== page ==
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Propagation research on rare trees expands species recovery potential

The endangered Serianthes nelsonii has been shown to be graft-compatible with different Serianthes species, expanding the means by which large numbers of propagules can be produced. Credit: Thomas Marler

Many rare tropical tree species are restricted to a small, endemic range with very few remaining reproductive individuals. These species suffer from many threats. Conservation agencies often attempt to rebuild the population within the known endemic range of these endangered trees.

This desire to rebuild robust populations of rare trees is constrained by the need to protect any remaining adult trees. Conservation permitting agencies generally limit the number of seeds and cuttings that can be taken by conservation practitioners. The unfortunate result of these justifiable restrictions is that very few new propagules can be produced every year for the purpose of rebuilding the population.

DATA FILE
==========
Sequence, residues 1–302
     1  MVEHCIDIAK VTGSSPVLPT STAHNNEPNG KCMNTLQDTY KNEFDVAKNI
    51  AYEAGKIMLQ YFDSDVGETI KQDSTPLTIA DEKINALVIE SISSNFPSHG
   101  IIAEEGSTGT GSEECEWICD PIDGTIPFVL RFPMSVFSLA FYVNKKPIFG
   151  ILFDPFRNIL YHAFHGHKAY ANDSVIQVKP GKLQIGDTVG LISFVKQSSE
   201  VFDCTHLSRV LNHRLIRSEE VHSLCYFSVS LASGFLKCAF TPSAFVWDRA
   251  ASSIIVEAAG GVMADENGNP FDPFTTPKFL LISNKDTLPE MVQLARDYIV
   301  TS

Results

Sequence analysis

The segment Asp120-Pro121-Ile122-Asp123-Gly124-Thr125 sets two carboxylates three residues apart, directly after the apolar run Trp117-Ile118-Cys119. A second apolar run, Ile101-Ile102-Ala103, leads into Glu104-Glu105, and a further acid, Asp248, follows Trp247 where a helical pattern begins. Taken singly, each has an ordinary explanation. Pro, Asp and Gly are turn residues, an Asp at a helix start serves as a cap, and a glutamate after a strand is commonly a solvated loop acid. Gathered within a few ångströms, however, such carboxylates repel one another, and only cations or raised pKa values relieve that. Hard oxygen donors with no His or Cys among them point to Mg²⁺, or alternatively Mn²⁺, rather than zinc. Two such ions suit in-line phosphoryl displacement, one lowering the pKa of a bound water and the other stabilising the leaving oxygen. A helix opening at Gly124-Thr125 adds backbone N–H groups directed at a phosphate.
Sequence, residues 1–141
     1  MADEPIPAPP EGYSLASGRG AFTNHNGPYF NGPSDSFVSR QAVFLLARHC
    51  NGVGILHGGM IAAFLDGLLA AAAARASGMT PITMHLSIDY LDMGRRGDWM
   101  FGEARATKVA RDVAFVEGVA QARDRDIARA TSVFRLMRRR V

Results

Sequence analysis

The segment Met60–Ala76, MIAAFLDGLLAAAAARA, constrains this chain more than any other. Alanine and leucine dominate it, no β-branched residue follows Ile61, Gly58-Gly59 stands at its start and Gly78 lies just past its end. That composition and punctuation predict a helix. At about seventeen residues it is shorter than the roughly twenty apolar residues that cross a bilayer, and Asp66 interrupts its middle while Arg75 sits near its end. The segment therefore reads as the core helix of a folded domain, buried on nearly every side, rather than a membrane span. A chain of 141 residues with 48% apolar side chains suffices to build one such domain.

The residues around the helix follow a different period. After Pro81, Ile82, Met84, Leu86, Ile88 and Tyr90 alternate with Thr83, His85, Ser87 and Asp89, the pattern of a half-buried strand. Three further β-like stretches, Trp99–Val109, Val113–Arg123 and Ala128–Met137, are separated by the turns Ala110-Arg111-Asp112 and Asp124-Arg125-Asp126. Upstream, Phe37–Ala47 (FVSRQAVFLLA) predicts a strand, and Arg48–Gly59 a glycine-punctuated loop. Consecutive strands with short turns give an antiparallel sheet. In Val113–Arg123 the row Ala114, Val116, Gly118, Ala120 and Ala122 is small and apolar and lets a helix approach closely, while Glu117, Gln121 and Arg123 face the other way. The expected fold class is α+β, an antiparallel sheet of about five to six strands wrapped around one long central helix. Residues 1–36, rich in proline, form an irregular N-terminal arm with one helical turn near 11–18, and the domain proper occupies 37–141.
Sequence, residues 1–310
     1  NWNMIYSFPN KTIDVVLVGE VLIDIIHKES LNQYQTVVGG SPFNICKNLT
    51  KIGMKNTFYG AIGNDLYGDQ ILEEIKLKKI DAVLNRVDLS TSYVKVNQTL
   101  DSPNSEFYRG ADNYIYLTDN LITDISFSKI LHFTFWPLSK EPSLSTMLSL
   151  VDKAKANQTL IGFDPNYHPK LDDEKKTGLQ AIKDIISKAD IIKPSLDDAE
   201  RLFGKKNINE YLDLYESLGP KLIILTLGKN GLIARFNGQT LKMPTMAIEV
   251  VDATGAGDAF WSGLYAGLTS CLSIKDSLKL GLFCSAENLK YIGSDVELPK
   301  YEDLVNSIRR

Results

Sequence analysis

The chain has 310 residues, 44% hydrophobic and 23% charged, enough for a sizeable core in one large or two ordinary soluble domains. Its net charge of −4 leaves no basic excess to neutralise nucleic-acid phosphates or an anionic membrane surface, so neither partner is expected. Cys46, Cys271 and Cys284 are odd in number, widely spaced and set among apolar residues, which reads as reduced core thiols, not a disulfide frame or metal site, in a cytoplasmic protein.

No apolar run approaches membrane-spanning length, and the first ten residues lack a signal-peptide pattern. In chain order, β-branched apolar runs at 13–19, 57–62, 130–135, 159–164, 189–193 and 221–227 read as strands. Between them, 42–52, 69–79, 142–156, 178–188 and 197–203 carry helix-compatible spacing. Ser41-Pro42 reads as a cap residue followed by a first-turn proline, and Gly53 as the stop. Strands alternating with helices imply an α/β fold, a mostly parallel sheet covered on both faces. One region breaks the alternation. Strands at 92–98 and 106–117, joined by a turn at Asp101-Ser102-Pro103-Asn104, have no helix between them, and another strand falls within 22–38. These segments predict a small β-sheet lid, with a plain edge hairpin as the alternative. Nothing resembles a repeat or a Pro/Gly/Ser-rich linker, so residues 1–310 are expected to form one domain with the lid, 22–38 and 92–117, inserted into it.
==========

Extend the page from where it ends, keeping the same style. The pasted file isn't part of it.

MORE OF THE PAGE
Serianthes nelsonii is found on two small islands in the Mariana Island Archipelago, and the population has declined to one individual on one of those islands. The recovery plan for this species calls for the propagation of more than 4,000 transplants for out-planting into several population sties. Recent propagation research conducted at the University of Guam has opened up new protocols that may greatly expand the number of propagules that can be produced every year in support of these goals. The results were published in the current issue of the journal Tropical Conservation Science.

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Date: 
Thursday, May 4, 2017